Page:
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We all know that there are always multiple ways to solve a problem. I was wondering what the upsides and downsides of each of the particular solutions in one case would be. Time- and space-wise (and maybe cleanness - but that is subjective, so not the main focus).

You got a file, that also contains lines which include the string xyz, but not exclusively. You are interested in lines where in a particular column the integer value should fullfil a condition.

An example where I used this would be to filter the weak ciphers from an sslscan output. This is not particular time nor space intensive, so this example was only to have a clearer picture of how that could look like.

The question came up, while I was trying to look for a solution, and I found various different answers on stackoverflow and then also came up with something myself.

Possible solution 1 (pure awk):

awk '$0~/xyz/ && $3 < 128 {$1=""; print}' file-with-data.txt

Possible solution 2 (awk + cut):

awk '$0~/xyz/ && $3 < 128' file-with-data.txt | cut -c15-

Possible solution 3 (bash):

grep xyz file-with-data.txt | while read -r line
do if [ $(echo $line | cut -d" " -f3)  -le 127 ]
   then echo $line
   fi
done
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2  
just measure it. –  Karoly Horvath Dec 8 '13 at 10:14
    
Well, there is the issue of cleanness, - is it better to stay in bash, is it better to stay in awk once you are in awk... - nothing really to measure there. Also there might be experiences with using one way or the other that'd be interesting to have. Also not really measureable here. –  user857990 Dec 8 '13 at 10:21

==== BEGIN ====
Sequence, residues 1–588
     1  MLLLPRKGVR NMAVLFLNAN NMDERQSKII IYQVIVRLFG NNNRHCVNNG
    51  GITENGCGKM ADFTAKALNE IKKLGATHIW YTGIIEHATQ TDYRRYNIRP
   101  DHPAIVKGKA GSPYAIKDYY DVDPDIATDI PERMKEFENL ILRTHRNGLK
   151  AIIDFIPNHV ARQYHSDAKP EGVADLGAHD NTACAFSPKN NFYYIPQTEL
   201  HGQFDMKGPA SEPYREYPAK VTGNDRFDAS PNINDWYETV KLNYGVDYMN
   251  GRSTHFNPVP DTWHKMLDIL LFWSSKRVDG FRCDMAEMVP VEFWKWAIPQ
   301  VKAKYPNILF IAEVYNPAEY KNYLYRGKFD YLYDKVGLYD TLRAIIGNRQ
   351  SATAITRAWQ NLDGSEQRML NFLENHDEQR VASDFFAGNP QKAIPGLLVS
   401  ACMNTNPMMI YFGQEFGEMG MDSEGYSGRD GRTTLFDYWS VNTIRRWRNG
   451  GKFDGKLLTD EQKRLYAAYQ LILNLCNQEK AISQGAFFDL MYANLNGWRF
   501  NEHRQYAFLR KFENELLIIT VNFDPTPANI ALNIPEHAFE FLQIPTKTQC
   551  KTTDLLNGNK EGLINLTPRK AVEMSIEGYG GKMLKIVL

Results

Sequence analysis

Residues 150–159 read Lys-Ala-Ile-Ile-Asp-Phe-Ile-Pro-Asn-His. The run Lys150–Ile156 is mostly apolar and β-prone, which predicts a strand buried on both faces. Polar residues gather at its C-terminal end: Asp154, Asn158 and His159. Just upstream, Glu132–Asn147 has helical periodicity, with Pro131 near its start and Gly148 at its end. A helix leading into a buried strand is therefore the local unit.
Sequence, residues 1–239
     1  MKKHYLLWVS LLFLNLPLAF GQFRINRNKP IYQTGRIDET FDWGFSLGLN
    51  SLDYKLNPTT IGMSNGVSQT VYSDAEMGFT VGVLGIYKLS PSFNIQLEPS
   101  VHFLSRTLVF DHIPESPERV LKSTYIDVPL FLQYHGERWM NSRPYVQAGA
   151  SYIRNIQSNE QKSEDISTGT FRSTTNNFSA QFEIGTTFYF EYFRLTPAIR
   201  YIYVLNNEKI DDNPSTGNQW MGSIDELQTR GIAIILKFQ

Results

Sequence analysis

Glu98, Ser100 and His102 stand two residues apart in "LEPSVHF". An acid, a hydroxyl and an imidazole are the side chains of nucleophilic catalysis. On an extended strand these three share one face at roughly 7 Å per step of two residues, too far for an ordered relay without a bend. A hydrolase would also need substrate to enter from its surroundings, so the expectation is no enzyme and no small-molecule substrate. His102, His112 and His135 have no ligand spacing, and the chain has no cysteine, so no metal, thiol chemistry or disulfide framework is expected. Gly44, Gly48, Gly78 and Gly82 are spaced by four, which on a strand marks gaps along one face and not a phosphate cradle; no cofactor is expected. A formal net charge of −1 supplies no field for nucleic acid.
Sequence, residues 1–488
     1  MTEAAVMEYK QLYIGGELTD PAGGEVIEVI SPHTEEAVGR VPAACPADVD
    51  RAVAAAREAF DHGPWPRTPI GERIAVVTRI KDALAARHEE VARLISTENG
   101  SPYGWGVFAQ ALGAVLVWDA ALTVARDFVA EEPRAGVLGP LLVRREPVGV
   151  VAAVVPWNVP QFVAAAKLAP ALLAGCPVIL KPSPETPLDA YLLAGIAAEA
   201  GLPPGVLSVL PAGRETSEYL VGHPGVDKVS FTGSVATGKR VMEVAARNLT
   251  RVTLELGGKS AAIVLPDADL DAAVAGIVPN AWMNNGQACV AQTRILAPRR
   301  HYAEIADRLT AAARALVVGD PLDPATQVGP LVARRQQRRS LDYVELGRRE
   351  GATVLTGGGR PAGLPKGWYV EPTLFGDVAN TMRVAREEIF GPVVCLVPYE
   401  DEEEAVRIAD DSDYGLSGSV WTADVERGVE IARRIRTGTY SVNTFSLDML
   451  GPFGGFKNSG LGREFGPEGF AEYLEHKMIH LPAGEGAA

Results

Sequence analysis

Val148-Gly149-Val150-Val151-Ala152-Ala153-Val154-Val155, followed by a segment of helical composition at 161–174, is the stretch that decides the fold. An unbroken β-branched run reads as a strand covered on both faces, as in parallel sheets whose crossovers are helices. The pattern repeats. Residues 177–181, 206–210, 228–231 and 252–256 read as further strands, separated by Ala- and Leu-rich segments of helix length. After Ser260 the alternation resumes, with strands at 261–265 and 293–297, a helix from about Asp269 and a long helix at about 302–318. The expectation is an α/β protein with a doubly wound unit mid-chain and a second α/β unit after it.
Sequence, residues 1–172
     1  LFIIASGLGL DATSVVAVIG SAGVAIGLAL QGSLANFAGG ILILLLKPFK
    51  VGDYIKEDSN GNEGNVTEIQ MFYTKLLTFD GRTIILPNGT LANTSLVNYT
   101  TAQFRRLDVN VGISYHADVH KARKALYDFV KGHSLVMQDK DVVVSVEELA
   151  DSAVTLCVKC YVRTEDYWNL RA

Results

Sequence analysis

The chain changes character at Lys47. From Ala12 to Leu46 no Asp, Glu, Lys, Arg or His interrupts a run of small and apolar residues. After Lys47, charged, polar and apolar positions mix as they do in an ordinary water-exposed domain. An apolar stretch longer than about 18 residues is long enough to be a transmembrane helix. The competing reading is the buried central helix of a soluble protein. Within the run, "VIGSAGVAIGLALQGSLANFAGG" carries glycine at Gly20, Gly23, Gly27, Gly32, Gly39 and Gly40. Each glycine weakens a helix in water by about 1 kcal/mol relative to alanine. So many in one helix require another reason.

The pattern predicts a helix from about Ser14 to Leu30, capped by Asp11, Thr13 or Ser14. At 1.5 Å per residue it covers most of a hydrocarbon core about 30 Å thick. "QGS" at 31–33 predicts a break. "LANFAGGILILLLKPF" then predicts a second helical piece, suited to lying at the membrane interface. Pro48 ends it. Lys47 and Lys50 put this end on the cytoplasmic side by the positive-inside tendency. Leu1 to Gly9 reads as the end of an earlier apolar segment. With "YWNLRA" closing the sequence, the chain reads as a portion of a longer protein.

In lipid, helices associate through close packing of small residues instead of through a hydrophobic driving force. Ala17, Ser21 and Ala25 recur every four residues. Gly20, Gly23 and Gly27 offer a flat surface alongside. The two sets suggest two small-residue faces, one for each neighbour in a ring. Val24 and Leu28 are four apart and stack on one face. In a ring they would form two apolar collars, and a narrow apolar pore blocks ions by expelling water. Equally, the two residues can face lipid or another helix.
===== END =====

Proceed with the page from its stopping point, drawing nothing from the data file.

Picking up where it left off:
1 Answer 1

up vote 6 down vote accepted

A shell is an environment from which to call tools. It has certain programming language constructs to help you sequence the order in which you call tools. It was not created to, nor is it optimized in any way (e.g. language constructs) for, parsing text files.

Awk was created to parse text files. It's execution paradigm is based on that (built-in loop on input records) and it has specific constructs to help with that (e.g. BEGIN and END sections, variables NR, FNR, NF, etc.).

Any time you write a loop in shell to parse a text file you have the wrong approach and the shell loop you wrote, unlike the awk script, will fail cryptically given various input values, the contents of the directory you run it from, the OS you are on, etc...

IF you just need to find a string or RE in some text
THEN
    use grep
ELIF you just need to select a single-char-separated field
THEN
    use cut
ELIF you just need to do a simple subsitution for an RE on a single line
THEN
    use sed
ELSE
    use awk
ENDIF

wrt which of these approaches to choose from:

awk '$0~/xyz/ && $3 < 128 {$1=""; print}' file-with-data.txt
awk '$0~/xyz/ && $3 < 128' file-with-data.txt | cut -c15-

it doesn't matter. The second one has a bit of overhead but you'll never notice it so just pick the one that best fits your requirements (e.g. do really want to replace the first field with a blank or do you really want to cut N chars?) you and is easiest for you to write and understand. Personally I'd just stay in awk and use substr() if cut-ing is required.

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